Legal documents help ensure that the wishes of the person with dementia are followed as the disease progresses and make it possible for others to make decisions on behalf of the person when he or she no longer can.
Power of attorney
As long as the person with dementia has legal capacity (the ability to understand and appreciate the consequences of his or her actions) he or she should take part in legal planning.
The power of attorney document allows a person with dementia (called the principal) to name another individual (called an attorney-in-fact or agent), usually a spouse, domestic partner, trusted family member or friend, to make financial and other decisions when the person with dementia is no longer able. The agent should be chosen carefully; it is recommended that this individual have a thorough conversation with the principal about what the responsibility entails. In addition, a successor agent or agents should be named in the event the original agent is unavailable or unwilling to serve.
With regard to individuals with dementia, power of attorney documents should be written so that they are "durable," meaning that they are valid even after the principal is incapacitated and can no longer make decisions.
Power of attorney does not give the appointed person (agent) the authority to override the decision making of the person with dementia (principal). The person with dementia maintains the right to make his or her own decisions — even if the agent or others disagree with them.
Once a person with dementia is no longer able to make decisions, the agent is authorized to manage and make decisions about the income and assets of the principal. This agent is responsible for acting according to the person's wishes and in his or her best interest.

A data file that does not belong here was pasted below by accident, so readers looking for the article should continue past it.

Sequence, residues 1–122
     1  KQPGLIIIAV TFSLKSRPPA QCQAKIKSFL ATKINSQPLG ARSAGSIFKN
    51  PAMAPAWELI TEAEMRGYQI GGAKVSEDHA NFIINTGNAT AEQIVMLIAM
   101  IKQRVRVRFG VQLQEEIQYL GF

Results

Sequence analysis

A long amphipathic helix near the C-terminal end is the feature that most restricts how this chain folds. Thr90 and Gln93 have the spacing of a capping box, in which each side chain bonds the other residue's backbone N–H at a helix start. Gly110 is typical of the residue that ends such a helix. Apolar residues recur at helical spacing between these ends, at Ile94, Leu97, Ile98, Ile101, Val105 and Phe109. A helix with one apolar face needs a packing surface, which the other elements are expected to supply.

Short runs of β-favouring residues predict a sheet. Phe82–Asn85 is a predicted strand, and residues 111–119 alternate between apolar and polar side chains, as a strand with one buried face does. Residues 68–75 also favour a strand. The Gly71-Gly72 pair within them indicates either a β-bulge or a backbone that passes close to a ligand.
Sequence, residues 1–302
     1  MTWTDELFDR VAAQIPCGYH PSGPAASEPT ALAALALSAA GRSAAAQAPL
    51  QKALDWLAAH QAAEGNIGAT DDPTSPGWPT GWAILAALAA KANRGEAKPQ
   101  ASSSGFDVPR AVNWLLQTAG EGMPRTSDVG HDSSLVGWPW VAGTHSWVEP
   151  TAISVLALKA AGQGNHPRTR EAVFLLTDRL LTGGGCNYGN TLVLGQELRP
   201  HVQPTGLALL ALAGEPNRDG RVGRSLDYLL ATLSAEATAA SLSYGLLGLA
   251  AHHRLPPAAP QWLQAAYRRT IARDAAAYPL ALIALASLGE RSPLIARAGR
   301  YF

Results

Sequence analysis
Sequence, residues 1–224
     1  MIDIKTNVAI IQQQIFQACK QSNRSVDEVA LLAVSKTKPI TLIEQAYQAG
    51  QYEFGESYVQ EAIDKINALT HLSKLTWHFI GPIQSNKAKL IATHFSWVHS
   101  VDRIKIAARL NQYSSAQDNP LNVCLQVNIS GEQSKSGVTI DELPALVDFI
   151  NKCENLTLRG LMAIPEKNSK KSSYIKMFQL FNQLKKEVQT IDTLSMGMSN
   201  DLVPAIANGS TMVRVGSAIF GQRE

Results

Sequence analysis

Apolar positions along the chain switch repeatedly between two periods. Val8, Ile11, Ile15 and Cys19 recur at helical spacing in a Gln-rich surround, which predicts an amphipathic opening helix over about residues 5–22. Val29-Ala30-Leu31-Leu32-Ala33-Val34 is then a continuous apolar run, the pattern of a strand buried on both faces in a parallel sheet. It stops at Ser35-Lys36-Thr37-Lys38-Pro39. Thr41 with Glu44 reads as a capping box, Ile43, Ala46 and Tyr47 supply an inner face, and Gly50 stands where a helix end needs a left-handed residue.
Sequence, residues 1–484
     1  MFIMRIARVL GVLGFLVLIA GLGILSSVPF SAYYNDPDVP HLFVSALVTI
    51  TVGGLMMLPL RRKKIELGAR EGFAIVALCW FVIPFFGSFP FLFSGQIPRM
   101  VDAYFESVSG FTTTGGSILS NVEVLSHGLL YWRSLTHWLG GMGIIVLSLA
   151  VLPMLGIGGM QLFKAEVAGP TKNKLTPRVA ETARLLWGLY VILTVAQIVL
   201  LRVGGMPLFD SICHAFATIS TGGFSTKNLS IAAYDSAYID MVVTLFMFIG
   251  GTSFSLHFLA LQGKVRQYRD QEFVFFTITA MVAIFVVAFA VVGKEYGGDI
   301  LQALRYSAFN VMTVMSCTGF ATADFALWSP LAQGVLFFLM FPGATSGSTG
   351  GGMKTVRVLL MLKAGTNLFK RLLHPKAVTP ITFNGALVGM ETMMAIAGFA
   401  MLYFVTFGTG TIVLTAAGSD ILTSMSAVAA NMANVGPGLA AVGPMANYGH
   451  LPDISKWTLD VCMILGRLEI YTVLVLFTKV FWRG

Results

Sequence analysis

Power of attorney for health care
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A power of attorney for health care allows a person with dementia to name a health care agent to make health care decisions when he or she is no longer able. This type of legal document is also called an "advance directive."
Health decisions covered by the power of attorney for health care include:
- Doctors and other health care providers
- Types of treatments
- Care facilities
For a person in the later stages of dementia, the health care agent also may make end-of-life decisions, such as providing nutrition through a feeding tube or giving do-not-resuscitate (DNR) instructions to health care providers.
When the time comes, these decisions can be difficult for families to make. Help avoid disagreements and distress by having open and candid conversations early on so everyone is aware of the end-of-life plans in place.
Once legal documents are filled out, the individual with dementia, the caregiver or a trusted family member, the attorney and the doctor should all have copies.
A living will is also a type of "advance directive" that expresses how a physically or mentally incapacitated person wishes to be treated in certain medical situations.